June 1


Actually, this post is overdue not just because I had a couple of days in Guangzhou (it used to be called Canton) and got sick and wet but also because I had some technical difficulty with the picture here and had to call for help ..... but anyways, Guangzhou is I think maybe the third largest city in China after Shanghai and Beijing. It rained almost all the time. It'd been raining here for most of the week and it didn't stop, but it was rain in a really good way: loud and noisy storms with thunder and lightning and that great heavy sub-tropical rain that absolutely pounds down, and it was so warm that when you got wet you dried out pretty quick -- at least, you did if you got the chance; when it wasn't raining it was so humid you're wet with sweat ...... and now the rain has more or less gone away but the humidity remains. And it's so hot .... but I'm not complaining. Hot is good.

And the wet weather reminded me that Sandra Tappenden sent me something a while back and I've been waiting for an apt moment. This is as apt a moment as there is ever likely to be.


© Sandra Tappenden, 2007

(Here's a little update, 24 hours later: it's pissing down. The kind of rain you can't see through. How do butterflies stay airborne in this? Because they are. OK, no more about the weather. That's enough weather.)



June 5


A Poem by Mark Halliday


The stupid I-self wakes in the morning
after a dream in which my mother could be seen
across the street walking in some serious sadness
in her youth perhaps six years before I was born
puzzled by some absence
and I don’t know what to do with this dream

I swing my feet to the floor
my bony feet faintly moist the body is humiliating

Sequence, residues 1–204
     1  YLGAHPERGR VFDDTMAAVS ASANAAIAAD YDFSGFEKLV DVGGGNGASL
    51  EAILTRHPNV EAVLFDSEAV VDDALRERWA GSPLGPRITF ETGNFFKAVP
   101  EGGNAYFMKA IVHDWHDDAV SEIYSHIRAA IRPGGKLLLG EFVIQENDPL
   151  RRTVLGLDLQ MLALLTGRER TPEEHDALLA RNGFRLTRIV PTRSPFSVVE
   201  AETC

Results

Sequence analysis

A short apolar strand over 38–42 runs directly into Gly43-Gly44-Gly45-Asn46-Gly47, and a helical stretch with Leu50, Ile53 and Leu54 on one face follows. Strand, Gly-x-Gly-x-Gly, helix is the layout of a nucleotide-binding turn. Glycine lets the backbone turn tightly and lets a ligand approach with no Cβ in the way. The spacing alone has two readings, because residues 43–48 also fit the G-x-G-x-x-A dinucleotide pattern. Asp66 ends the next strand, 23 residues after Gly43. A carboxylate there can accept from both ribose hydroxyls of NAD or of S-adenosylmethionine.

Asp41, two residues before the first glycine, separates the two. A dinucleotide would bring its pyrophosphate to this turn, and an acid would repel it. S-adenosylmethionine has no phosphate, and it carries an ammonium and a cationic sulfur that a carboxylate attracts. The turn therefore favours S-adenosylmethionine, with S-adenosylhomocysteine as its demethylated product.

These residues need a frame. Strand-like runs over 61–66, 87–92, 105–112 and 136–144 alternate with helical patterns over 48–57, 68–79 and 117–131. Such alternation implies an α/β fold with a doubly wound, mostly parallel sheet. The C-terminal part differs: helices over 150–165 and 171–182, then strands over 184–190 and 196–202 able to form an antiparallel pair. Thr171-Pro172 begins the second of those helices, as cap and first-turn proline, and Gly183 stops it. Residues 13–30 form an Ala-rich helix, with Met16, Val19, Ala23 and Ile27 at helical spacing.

it prevents angelic dignity I move to the bathroom

each day the I-self pursues satisfactions that wither
what for what for
thirteen thousand days since listening to
“Pickin’ Up the Pieces” at 66 Benevolent Street
thirteen thousand days of adulthood
choosing in laziness and cowardice
to avoid learning enough about FORCES that shape these days

instead the I-self floats imagining
sex fame fame sex sex-fame fame-sex
but political science is boring
microbiology is boring economics is boring
even psychology as a discipline is boring
or so mutters the I-self

thirteen thousand days --
each in a better world would build into a dignity of --
at least of seeking –

one night eight years ago in Morgantown, West Virginia
Doug Goetsch and I shot hoops in the dark
and made some astounding three-pointers
though our percentage was low
and later on the steps with Tracy Williams there was
a long real talk
and later in the hall willowy Mary Ruth
glancing back over her shoulder

O stupid I-self afloat outside a series of dreams
long may you bobble!

© Mark Halliday, 2007



June 11


      ......... I was chatting online with a student here at the university – not one of my students but someone I know pretty well, and she said it was weird when I messaged her because at that moment she was reading this and (although she didn’t say it in these words) trying to make head or tail of it. I think she wanted to say “What the fuck is this about?” but was too polite. When I explained that all the names were of female British singers (or almost; I’m not sure Winfred Atwell ever sang) from my childhood and teenage years, and if you ignore the names almost all the situations in it are genuinely autobiographical, she was a little clearer as to what it was about, but I think she’s still a long way from Clarity City, which puts her pretty much in the same place as me a lot of the time. But she’s also in a good enquiring place, and it’s beautiful to see someone tackling something with a genuinely enquiring mind (not to mention in their second language).